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US Senate may consider "The Secret Science Reform Act of 2015"

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  • US Senate may consider "The Secret Science Reform Act of 2015"

    Who knew that the EPA frequently imposes new costs on our economy on the basis of "secret science"?
    The Committee on Environment and Public Works, to which was referred a bill (S. 544) to prohibit the Environmental Protection Agency from proposing, finalizing, or disseminating regulations or assessments based upon science that is not transparent or reproducible, having considered the same, reports favorably thereon with an amendment and recommends that the bill, as amended, do pass.

    General Statement and Background

    Current law does not guarantee that Environmental Protection Agency (EPA) regulatory actions are based on the best available science, nor does it ensure the science used is transparent or independently verifiable. While numerous Administration policies and guidance recommend such safeguards, they fall short of meeting the open access and integrity standards for sound science.

    Aside from EPA-generated science, the Agency primarily relies on studies that have been conducted outside the Agency and peer reviewed. However,in many cases peer reviewers do not have access to underlying data and therefore cannot verify the findings of the studies under review. In 2014, a survey of experts in risk analysis and toxicology released by George Mason University found that only 16% of those surveyed said peer reviewers often or always have access to underlying data from critical studies. Moreover, peer review alone is not a sufficient check on science. In 2002, the National Research Council explained ``peer review alone does not detect fraud, validate factual findings . . . or substitute for the judgments of the scientific community as a whole.'' Further, in 2014 The Economist reported ``[m]odern scientists are doing too much trusting and not enough verifying--to the detriment of the whole of science, and of humanity. Too many of the findings that fill the academic ether are the result of shoddy experiments or poor analysis.''\1\

    [...]

    https://www.congress.gov/congression...te-report/69/1

    Why should the EPA be prohibited from using "secret science"?
    With Pollution Levels Dropping, is Small Particle Air Pollution Really Killing Americans?

    July 1, 2015
    Guest essay by Steve Goreham

    [...]

    Past EPA Administrator Lisa Jackson testified before Congress in 2011, stating, “Particulate matter causes premature death. It doesn’t make you sick. It’s directly causal to dying sooner than you should.” Particulate matter refers to PM2.5, classified by the EPA as particles smaller than 2.5 microns in diameter, much smaller than the eye can see. Particle pollution is a mixture of dust, nitrates and sulfates, metals, pollen, and organic chemicals.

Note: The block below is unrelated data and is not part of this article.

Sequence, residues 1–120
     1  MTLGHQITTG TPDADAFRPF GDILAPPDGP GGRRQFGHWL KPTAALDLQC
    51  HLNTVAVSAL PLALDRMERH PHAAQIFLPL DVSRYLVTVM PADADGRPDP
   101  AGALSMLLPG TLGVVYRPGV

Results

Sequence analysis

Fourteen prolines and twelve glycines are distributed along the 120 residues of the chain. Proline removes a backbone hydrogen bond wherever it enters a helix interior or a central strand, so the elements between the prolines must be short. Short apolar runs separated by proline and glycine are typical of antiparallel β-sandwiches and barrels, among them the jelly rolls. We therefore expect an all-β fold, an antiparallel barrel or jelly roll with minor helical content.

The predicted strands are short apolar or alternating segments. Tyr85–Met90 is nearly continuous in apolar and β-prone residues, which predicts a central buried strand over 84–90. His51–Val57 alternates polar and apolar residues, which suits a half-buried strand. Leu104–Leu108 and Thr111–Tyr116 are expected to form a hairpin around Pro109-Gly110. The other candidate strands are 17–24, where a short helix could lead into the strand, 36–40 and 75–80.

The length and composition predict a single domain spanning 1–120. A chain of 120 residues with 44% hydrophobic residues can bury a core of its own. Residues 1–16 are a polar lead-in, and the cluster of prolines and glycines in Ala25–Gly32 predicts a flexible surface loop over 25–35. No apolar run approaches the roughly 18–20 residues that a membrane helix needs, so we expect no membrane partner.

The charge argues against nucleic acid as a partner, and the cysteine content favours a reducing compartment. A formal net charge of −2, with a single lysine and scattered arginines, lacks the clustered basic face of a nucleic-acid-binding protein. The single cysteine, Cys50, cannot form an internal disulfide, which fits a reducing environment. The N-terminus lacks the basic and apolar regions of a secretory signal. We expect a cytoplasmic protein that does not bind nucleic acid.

The EPA claims that any level of small particles can cause premature death. The agency warns that death may be short-term, occurring within a few hours of inhalation, or may be caused by long-term inhalation of PM2.5 over several years. EPA policy advisor Amanda Brown asserted that between 130,000 and 320,000 Americans died prematurely in 2005 due to small particle pollution, an incredible 6 to 15 percent of total US deaths.

    [...]

    The EPA’s proposed Clean Power Plan, which will force closure of coal-fired power plants across the nation, is an example. The EPA claims that implementation of the CPP will prevent up to 6,600 premature deaths and $93 billion in climate and public health benefits. But the monetized climate benefits are essentially zero. Almost all of the $93 billion comes from an EPA calculation on savings from avoidance of premature death from small particles.



    [...]

    The Harvard Six Cities study of 1993 and the American Cancer Society study of 1995, two studies that form the basis of EPA small particle science, found an increase in relative risk of less than 20 percent (RR=1.2). An increase in death rates of less than 20 percent (RR=1.2) is almost statistically indistinguishable from zero.

    [...]

    But what stinks to high heaven is that data from the Harvard Six Cities and American Cancer Society studies have never been released. Other scientists are not able to replicate and verify the results of these studies. In effect, the EPA is asking all to “trust us” on the science of death from particle pollution. The Secret Science Reform Act proposes to force the EPA to disclose data from studies that support the need for EPA regulations.

    [...]

    The result is a massive, costly, and growing burden on American citizens in the name of clean air. NERA Economic Consulting estimates that the Clean Power Plan will cost US citizens some $400 billion in compliance costs over the next 15 years. But the savings from “prevention of premature deaths” from particle pollution are likely imaginary.

    http://wattsupwiththat.com/2015/07/0...ing-americans/
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    Hell yes.
    100.00%
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    I don't know.
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    I don't care.
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    No... The EPA would never do anything stupid, dishonest, fraudulent or Marxist.
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    Watts Up With That? | The world's most viewed site on global warming and climate change.

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